It was great meeting our newest class of @ObamaFoundation Scholars at @UChicago. Young leaders like them are the source of my hope, and I believe they will power a brighter future for all of us. Whenever I’m with a group like this, I think back to when I was about their age. I came to Chicago when I was 23, and while I knew I wanted to make a difference, I didn’t really know how to do it. Our hope with the Obama Scholars program—and the Obama Presidential Center more broadly—is to give young leaders like them the training, support, resources and platforms they need to fully realize their potential, collaborate and share ideas, and bring their dreams to scale.
Chicago will always be an important place to Michelle and me. It’s where I got my start in public service, where Michelle grew up, and where we started our family. The Obama Presidential Center is our opportunity to give something back—strengthening the South Side, training the next generation of civic leaders, and giving more people the tools they need to make a difference in communities across the country and around the world. That’s why Michelle and I are excited to celebrate the Center’s virtual groundbreaking in Chicago next week. This will be a chance to recognize all of the leaders, organizers, and friends who have helped us get to this point, and we hope you'll join us virtually on Tuesday, September 28 at
Ten years ago today, we repealed ‘Don’t Ask, Don’t Tell.’ Today our military is stronger and our country is safer because patriotic Americans no longer have to live a lie in order to defend the country they love. The repeal of ‘Don’t Ask, Don’t Tell’ allowed these two Marines to be true to themselves while serving in our military. Listen to their story at the link in my bio.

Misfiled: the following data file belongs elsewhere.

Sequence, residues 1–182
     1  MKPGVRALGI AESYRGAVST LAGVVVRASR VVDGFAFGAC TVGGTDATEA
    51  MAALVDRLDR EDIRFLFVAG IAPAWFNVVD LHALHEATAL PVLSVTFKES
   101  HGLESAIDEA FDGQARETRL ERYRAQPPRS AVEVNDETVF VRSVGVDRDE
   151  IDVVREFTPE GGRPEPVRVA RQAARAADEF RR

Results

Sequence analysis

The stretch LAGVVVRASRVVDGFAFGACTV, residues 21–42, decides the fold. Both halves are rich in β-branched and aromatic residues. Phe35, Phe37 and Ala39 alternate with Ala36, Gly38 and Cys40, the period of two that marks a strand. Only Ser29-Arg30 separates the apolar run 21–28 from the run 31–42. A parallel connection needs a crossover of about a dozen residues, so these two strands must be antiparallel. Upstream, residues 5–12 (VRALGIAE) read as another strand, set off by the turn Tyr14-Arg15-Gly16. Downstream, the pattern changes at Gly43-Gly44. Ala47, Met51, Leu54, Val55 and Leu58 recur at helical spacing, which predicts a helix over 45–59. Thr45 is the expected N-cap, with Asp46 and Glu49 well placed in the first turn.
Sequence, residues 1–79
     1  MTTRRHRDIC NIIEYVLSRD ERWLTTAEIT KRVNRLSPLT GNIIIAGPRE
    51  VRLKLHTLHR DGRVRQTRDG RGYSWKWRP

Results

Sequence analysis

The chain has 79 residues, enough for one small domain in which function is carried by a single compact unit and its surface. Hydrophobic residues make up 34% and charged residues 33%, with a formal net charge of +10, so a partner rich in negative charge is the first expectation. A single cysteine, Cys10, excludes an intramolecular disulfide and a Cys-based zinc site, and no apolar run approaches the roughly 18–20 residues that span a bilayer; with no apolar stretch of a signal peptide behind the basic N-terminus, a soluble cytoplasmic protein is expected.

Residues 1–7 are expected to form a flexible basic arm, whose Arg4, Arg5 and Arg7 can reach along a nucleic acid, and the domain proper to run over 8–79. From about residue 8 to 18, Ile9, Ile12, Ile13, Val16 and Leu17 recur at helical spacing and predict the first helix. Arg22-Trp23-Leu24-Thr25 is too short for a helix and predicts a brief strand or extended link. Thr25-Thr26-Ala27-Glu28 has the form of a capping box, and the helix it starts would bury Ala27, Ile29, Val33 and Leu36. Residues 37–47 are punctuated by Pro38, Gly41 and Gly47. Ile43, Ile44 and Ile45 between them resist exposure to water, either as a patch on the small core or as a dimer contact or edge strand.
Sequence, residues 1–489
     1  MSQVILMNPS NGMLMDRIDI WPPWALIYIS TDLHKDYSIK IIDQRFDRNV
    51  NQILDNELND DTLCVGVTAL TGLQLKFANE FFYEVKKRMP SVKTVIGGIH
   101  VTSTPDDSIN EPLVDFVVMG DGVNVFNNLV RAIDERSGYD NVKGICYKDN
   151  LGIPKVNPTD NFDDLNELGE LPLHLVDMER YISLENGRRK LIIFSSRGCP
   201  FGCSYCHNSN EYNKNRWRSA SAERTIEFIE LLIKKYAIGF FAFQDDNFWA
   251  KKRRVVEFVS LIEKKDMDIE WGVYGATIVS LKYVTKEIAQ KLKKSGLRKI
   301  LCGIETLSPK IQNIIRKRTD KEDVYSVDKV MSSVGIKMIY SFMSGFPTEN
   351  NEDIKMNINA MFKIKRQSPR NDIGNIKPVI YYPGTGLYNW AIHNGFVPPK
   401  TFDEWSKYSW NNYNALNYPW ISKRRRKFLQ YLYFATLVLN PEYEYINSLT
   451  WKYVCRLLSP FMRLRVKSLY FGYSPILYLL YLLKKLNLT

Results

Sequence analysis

Today we honor the nearly 3,000 men, women, and children who died on September 11, 2001, and even more who lost their lives in service to our country in the two decades since. We reaffirm our commitment to keep a sacred trust with their families — including the children who lost parents, and who have demonstrated such extraordinary resilience. But this anniversary is also about reflecting on what we’ve learned in the 20 years since that awful morning. That list of lessons is long and growing. But one thing that became clear on 9/11 — and has been clear ever since — is that America has always been home to heroes who run towards danger in order to do what is right. For Michelle and me, the enduring image of that day is not simply falling towers or smoldering wreckage. It’s the firefighters running up the stairs as others were running down. The passengers deciding to storm a cockpit, knowing it could be their final act. The volunteers showing up at recruiters’ offices across the country in the days that followed, willing to put their lives on the line. Over the last 20 years, we’ve seen the same courage and selflessness on display again and again. We saw it a decade ago when, after years of persistence, our military brought justice to Osama bin Laden. And we’re seeing it today — in the doctors and nurses, bone tired, doing what they can to save lives; the servicemembers, some of whom weren’t even born 20 years ago, putting themselves at risk to save Americans and help refugees find a better life; the first responders battling roaring fires and rising waters to bring families to safety. They represent what is best in America, and what can and should bring us together. 9/11 reminded us how so many Americans give of themselves in extraordinary ways — not just in moments of great crisis, but every single day. Let’s never forget that, and let’s never take them for granted. #NeverForget911